How to put an end to six years of hurt.
Tamir Cohen hammered in the final nail that many Arsenal fans feared was coming.
Even the most ardent supporter cannot maintain belief that the title race is still there for the Gunners. That makes it six years since Arsene Wenger brought a trophy back to North London, a run which Cesc Fabregas rightly states would have him long gone in most European leagues.
The situation now arises where the Frenchman must take some serious considerations over what he is to do with his team, to end this barren stretch. For all the good that Wenger has brought to Arsenal, could he have run his course?
Not since Patrick Vieira dispatched his penalty past Roy Carroll at the Millennium Stadium in May 2005, have Arsenal tasted silverware. They came very close in 2006, losing to a late Juliano Belletti goal in the Champions League final, but over the past few seasons, the gap in between the top 3 or 4 teams has been closing
Rivals Tottenham’s forays into Champions League football have put extra pressure on Arsenal to succeed. Savvy purchases like Rafael van der Vaart and William Gallas have helped accelerate Spurs’ development into a competitive European side.
Also, with the sizeable investment taking place at Eastlands, Manchester City have developed a squad that is arguably at least on a par with Arsenal’s at this time. Their determination for Champions League football, and eventually the domestic title, poses another threat to the Emirates’ side. Not to mention Liverpool’s recent resurgence.
The question that faces Wenger now is how much he will invest in his squad, or how much money the new owner Stan Kroenke will provide. The former Monaco boss has prided himself on nurturing younger players into first team stars, evidenced by the emergence of Jack Wilshere, an England hero for the future.
But with the Gunners bereft of a trophy for so long, should Wenger consider breaking with this tradition and do the utmost to turn Arsenal into winners now?
‘Top Flight Pedigree’
Arsenal are as good as any going forward. They didn’t earn the moniker ‘Barcelona-Lite’ for no reason. It is defensively where the team has had struggles.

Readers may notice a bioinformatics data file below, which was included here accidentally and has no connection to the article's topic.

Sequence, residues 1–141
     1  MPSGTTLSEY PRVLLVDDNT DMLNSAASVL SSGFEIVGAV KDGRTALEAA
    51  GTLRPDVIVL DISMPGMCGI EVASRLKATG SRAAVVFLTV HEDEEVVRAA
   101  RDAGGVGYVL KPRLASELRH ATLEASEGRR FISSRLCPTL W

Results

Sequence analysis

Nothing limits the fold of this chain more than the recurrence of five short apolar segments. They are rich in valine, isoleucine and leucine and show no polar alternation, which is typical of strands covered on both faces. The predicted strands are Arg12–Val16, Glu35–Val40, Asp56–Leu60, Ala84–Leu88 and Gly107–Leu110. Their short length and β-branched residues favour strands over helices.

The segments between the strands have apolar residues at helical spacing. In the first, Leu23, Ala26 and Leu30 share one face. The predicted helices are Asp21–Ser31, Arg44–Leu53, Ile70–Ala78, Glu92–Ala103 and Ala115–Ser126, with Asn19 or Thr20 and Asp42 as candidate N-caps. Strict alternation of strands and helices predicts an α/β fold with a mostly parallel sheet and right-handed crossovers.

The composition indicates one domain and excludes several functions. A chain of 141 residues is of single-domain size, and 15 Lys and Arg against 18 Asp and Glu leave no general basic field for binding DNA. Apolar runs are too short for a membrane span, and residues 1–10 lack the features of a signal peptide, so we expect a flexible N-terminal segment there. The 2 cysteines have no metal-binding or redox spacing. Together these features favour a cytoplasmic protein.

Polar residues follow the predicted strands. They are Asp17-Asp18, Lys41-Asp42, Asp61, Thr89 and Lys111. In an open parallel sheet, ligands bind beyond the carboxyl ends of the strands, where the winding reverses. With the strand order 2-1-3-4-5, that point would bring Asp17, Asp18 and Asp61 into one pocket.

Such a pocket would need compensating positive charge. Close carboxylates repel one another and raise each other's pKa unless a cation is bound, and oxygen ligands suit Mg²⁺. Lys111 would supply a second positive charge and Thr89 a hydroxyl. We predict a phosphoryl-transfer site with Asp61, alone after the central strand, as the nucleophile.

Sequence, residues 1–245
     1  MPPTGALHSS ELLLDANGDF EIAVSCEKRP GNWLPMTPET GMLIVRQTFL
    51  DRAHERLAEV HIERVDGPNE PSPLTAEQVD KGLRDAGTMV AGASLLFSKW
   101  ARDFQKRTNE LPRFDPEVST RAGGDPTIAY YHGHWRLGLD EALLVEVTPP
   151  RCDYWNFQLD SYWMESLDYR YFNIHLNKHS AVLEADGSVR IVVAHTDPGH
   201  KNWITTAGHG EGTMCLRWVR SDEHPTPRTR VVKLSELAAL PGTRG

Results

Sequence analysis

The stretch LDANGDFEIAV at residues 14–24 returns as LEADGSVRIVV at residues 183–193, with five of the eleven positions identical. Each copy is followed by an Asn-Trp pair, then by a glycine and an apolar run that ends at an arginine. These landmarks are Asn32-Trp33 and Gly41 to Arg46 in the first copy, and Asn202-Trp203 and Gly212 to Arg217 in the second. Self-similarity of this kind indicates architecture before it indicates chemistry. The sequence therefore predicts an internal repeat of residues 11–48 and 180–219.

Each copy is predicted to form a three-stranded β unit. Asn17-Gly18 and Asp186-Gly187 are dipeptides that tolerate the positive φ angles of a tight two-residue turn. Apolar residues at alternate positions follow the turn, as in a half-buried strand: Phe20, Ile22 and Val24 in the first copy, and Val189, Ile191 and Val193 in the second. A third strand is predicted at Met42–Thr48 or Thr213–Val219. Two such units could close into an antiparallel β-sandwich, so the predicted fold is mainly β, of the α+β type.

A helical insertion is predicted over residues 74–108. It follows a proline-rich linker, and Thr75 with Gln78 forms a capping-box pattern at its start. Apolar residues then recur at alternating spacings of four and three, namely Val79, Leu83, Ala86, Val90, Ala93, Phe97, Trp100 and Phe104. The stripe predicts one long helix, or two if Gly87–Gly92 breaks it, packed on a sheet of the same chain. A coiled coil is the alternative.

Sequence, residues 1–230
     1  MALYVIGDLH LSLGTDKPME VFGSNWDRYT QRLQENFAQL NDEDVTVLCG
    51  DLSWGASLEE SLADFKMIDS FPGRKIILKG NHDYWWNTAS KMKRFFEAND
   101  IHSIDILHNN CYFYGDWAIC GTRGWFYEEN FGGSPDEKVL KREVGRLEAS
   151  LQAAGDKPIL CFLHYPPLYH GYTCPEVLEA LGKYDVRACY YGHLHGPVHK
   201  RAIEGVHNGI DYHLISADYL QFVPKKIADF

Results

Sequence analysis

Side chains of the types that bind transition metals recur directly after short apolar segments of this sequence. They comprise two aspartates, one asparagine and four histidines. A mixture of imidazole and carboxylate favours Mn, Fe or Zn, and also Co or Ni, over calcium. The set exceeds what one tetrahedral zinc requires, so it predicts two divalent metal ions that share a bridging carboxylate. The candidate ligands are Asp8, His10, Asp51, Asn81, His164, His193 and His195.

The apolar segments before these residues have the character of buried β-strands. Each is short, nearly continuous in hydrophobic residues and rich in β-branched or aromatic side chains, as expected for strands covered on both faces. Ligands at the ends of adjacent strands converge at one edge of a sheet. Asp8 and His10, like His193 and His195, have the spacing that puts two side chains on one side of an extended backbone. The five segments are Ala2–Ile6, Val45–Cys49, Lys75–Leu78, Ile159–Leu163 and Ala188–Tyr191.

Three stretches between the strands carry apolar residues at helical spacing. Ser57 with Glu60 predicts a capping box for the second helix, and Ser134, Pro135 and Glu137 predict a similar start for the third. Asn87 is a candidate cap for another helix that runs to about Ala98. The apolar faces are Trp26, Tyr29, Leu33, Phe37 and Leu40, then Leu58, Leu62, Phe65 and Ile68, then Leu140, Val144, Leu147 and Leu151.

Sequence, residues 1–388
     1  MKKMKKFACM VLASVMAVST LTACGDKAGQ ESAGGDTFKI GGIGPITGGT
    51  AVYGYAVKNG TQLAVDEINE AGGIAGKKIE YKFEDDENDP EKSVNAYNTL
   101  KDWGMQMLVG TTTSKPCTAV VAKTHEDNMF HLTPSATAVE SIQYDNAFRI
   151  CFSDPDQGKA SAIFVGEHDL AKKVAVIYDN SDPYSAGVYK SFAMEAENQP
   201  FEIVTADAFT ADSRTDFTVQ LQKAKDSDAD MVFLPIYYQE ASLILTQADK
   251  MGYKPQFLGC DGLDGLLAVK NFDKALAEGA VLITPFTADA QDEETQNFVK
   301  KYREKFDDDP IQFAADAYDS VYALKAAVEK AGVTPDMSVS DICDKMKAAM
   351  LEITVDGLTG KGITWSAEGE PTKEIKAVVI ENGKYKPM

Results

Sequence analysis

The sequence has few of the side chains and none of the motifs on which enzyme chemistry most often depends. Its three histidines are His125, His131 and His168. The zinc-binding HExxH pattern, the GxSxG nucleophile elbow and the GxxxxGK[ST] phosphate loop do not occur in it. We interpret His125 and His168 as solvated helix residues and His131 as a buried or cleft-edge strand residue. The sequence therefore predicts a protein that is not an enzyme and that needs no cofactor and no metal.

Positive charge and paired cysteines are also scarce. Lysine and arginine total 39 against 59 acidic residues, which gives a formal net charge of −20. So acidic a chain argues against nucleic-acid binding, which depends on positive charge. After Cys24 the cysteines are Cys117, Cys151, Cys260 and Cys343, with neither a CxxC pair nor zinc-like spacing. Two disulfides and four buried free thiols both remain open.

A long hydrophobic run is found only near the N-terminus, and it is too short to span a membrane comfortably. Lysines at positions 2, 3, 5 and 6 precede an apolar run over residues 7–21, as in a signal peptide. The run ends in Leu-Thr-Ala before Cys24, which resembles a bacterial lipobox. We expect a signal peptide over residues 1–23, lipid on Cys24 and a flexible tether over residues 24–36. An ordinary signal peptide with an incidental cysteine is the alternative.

Between the sticks, the Gunners have been going spare of the inconsistencies of their stoppers. Almunia, Fabianski and Mannone are not solutions to the problem, and will no doubt be shipped out sooner rather than later. Wojciech Szczesny shows promise for an inexperienced keeper, and if Wenger can bring in a ‘keeper with significant top flight pedigree to tutor the Polish international for a couple of seasons, he may have his long-term answer in goal. Shay Given is one candidate that jumps immediately out, as he is desperate to get back into first-team football, and is undoubtedly one of the best ‘keepers of his generation.
Centre-back is another glaring hole. Wenger has swung and missed on Koscielny and Squillaci, both frustratingly inconsistent and error-prone. Undoubtedly Thomas Vermaelen has been missed, and Johan Djourou looks to be developing into a decent alternative. But a dominant defender like Chris Samba, one who is well-versed with Premier League football, with provide a physical presence and much-needed injection of leadership at the back.
A combative midfielder is also a need at the Emirates. For all Arsenal’s attacking flair, they require a midfielder who is content to sit back, put his foot in, and break up the opposition’s play. A Claude Makelele-type figure for instance. Should East Londoners West Ham perish down the Premier League trap door, Wenger would be wise to enquire about the services of a certain Scott Parker. The former Charlton midfielder would need to be playing top flight football to maintain his England place, and he has almost single-handedly kept West Ham competitive in the relegation fight. His tenacity and energy in midfield would be coveted by many an Arsenal fan.
The final issue surrounds their talismanic captain, and how long he can remain happy when he is not winning trophies.
There seems to be endless overtures from his home-town club Barcelona to return to the Nou Camp, and Fabregas would undoubtedly be tempted if this trophy-less run goes on. Arsenal could cash in on the midfielder, but the repercussions of his departure would outweigh the financial gain they would make.
Jack Wilshere is still progressing, and Aaron Ramsey has not yet developed into the top class player he can be. Samir Nasri plays better further forward, so for Arsenal to lose Fabregas would be a catastrophic blow.
He is the spark of creativity in the Gunners’ midfield engine room, and is every bit the talismanic midfielder that every top club needs to have. Despite being just 23, he has played over 200 games for the club and is by far and away the club’s best player.
Arsenal fans will hope they never see the day number 4 walks out of the Emirates for the last time.